AFRICANGLOBE – Labour experts warned on Monday that lost production and revenue estimated at R700 million a day in the automotive sector would outstrip any material gains of striking workers as up to 30,000 of them downed tools across South Africa.
In addition, the country would suffer debilitating reputational damage as much of the vehicle production was for export to overseas markets, in line with the government’s industrial focus.
The National Union of Metalworkers of South Africa said the strike was in “full swing” and production had halted at all of the seven major motor manufacturers represented in the country.
These comprise BMW, Mercedes-Benz, Toyota, General Motors, Volkswagen, Nissan and Ford, and include some truck and bus makers. This meant that vehicle output of about 3,000 units a day in South Africa had been affected.
Numsa said one of the truck manufacturers, MAN Truck and Bus SA, had tried to break the strike through the use of “scab labour” and the police, but its spokesman said workers had walked off production lines and operations had halted.
The National Association of Automobile Manufacturers of South Africa had estimated losses to be about R600 million a day, which included the negative effect on downstream manufacturing, including automotive components.
But the body’s director, Nico Vermeulen, said on Monday the association estimated only 18,000 workers were on strike.
Volkswagen SA spokesman Matt Gennrich said most workers on the morning shift at its Uitenhage plant had stayed away from work.
BMW SA spokesman Guy Kilfoil confirmed that production of about 345 3-Series sedans a day was halted at the car maker’s Rosslyn plant, near Tshwane.
“The strike has started, it’s in full swing,” said Alex Mashilo, chief negotiator for the vehicle sector of Numsa. Workers wanted a 14 percent increase across the board.
Mr Mashilo said the Automobile Manufacturers’ Employers Organisation was offering 8 percent.
Labour economist Loane Sharp at employment services company Adcorp said the wage negotiations in the vehicle sector had added a “layer of complexity” to collective bargaining in South Africa. The mining, transport and metals sectors have seen violent strikes following last year’s shooting of mine workers by police at Marikana.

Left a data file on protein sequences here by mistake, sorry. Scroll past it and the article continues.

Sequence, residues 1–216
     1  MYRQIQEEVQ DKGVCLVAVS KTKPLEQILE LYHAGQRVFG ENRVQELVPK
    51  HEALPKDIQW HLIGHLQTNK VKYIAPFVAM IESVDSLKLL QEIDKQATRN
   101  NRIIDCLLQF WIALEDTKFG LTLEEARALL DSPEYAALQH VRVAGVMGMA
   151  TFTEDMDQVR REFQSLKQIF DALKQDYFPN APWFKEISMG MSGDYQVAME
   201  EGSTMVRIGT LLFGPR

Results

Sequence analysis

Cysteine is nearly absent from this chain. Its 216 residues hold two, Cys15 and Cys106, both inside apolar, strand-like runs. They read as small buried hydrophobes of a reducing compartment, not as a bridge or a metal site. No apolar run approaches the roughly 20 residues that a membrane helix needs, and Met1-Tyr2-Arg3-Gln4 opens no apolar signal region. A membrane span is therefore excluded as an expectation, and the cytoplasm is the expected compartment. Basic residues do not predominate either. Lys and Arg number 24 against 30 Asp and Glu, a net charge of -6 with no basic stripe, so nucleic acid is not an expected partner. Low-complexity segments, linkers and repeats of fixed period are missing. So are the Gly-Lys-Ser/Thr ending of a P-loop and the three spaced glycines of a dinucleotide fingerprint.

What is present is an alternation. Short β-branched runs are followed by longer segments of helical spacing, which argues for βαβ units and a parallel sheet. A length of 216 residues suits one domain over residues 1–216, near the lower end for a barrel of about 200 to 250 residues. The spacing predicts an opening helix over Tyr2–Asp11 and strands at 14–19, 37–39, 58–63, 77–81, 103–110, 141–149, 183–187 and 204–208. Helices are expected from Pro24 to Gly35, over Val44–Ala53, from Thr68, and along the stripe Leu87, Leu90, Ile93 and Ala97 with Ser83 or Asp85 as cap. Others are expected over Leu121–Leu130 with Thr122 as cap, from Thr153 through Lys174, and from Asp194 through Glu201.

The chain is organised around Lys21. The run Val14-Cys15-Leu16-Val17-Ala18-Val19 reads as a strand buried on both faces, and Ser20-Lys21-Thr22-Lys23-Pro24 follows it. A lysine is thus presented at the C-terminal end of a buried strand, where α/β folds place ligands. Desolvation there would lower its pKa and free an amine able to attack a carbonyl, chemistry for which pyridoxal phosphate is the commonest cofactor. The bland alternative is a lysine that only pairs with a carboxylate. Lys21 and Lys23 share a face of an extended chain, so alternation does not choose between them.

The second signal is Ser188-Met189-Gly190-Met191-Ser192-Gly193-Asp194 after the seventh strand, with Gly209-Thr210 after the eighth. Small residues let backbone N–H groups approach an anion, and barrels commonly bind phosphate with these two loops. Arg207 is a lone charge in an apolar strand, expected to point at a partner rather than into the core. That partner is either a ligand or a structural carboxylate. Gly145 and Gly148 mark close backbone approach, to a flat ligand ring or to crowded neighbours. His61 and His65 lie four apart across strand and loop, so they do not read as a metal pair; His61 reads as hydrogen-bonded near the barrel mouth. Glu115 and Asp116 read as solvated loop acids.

Tony Healy, of national labour law consultancy Tony Healy and Associates, said the strike was in the context of the Congress of South African Trade Unions losing ground to rivals unions. “Probably what’s so worrying is the gap between the parties (in the automotive sector) is so big.”
More profitable companies in South Africa were more prone to industrial action over wages, Healy said. In this case Numsa wanted better medical aid conditions and improved shift-work flexibility for its members.
Sharp said Numsa would likely take the opportunity to “flex its muscles” and reach a high wage settlement agreement. This could prolong the strike.
On the other hand, employers might be looking to settle as soon as possible, he said. “While they (car manufacturers) would like to complain . . . they are significant beneficiaries of tariff protection.”
Department of Trade and Industry director-general Lionel October said government support for South Africa’s automotive sector was less favourable compared with Brazil, South Korea or Europe. The government was willing to offer support, and already did, to anybody who was willing to invest.
South Africa offered very low levels of tariff protection compared with many other countries, including its Brics partners. “It is possible to completely separate the auto industry incentive regime and (this) labour unrest,” October said.